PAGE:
Wednesday, May 4, 2011

Sand or Rock? Are those really the only options?

Many years ago, my great-uncle built a house. While it was still a phantom in his head, he rubbed his beard and thought. Maybe I should have a basement as a foundation. As he gathered the materials, he cocked his head to one side and pondered. Maybe I should just do a concrete foundation. One day, it was decided. He would build the house on posts and perhaps come back to the other options later.

Now, all these years later, he had decided to put more posts at the corners. He was even talking about placing a full foundation under the house. At this juncture, a full foundation would be a task and a half. There would be crawling under the house. Then, in that cramped, ill-lit space, there would be digging out the dirt, laying down a form to guide the concrete, pouring and raking the concrete all over the area. It is a complicated affair, with that house in the way and all.

Of course, it would likely not be my great-uncle under there. The running joke around my family is that my dad is chained to Uncle Johnny's back porch. If there is ever a project out at his house that needs doing, nine times out of ten my dad is the one who they call on. As he was explaining this new project of my great-uncle's, a thought took root in my brain.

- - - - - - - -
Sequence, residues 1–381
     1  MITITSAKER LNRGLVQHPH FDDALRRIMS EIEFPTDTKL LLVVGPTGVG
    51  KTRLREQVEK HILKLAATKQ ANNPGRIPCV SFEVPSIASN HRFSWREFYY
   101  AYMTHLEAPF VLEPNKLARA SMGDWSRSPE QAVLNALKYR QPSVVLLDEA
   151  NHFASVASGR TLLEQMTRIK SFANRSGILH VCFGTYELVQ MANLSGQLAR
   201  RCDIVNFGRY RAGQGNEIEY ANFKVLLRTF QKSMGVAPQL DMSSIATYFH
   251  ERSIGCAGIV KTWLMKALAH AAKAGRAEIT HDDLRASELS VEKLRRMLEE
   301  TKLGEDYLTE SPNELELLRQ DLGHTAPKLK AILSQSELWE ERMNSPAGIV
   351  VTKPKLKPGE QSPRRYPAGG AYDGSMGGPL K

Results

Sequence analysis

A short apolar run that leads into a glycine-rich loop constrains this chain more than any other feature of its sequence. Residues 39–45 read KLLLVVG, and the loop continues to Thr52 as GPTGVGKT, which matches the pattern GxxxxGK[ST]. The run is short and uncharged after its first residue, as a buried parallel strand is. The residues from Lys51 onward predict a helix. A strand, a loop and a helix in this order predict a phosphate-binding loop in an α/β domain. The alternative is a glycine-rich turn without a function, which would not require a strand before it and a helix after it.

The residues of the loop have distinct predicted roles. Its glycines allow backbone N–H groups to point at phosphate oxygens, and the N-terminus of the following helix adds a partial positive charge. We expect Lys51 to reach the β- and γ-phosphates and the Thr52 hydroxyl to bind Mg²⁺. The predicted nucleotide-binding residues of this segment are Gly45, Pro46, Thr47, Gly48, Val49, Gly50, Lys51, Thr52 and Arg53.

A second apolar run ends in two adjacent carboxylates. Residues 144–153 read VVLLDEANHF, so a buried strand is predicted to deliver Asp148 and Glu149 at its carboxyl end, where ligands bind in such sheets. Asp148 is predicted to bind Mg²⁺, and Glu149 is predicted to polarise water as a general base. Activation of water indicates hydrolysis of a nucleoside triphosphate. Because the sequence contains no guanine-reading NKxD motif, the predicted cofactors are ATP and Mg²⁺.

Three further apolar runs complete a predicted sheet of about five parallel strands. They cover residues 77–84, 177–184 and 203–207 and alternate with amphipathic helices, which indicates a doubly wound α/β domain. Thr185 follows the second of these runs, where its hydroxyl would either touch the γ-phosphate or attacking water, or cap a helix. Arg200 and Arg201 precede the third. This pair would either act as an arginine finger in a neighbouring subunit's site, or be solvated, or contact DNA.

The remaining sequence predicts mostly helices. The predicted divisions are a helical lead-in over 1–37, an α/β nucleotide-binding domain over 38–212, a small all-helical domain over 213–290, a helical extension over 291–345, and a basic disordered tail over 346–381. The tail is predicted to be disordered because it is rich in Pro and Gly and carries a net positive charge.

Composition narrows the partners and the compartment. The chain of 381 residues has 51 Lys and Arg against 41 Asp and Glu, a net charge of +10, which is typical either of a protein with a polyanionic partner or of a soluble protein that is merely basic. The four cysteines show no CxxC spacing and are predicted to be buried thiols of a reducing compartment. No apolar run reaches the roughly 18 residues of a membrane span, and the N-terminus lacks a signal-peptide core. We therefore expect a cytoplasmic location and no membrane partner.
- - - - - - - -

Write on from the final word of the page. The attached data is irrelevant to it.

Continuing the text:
I began to think of my marriage and how it was like this house. You see we were young and in love. We talked about almost everything. We had prayed and had confirmation from God. Our beginning was good. There were mistakes made that I won't go into here, but it was a good start. There were other things we could have done, options we had discussed. We talked about my going to live with my dad and finishing my degree. We could have done a full pre-marital counseling program (ours we found out just before the wedding hadn't been that). We could have extended the engagement. We could have spent more time learning (not just telling one another) each other's strengths and weaknesses. We could have learned one another's love languages. The list could go on. The thing is that these would not have necessarily guaranteed a different result. But I will get to more on that later.

The posts that my great-uncle settled upon aren't bad. They have supported the house these many years and will keep doing so for many years to come. So, why change anything? A little while ago I stumbled upon a thought in C.S. Lewis' Mere Christianity. He argued that we ought not think of things as only good and bad. Instead, we should look at things in terms of good, better, best and bad, worse, worst. The posts were good, but a foundation would have been best.

The foundation of my marriage was good. But it could have been better. It could have been the best. I don't look at this as an "Oh, would that the hands of time bent to my will" moment. This would not have magically waved away our problems. Wounded people - I've said it before and I'll say it again, no one gets through this life unscathed - living with one another will injure one one another. There is no safety in vulnerability, there is security in Christ. Those closest to us have the greatest capacity to injure us. They can injure us with what they know and what they don't know.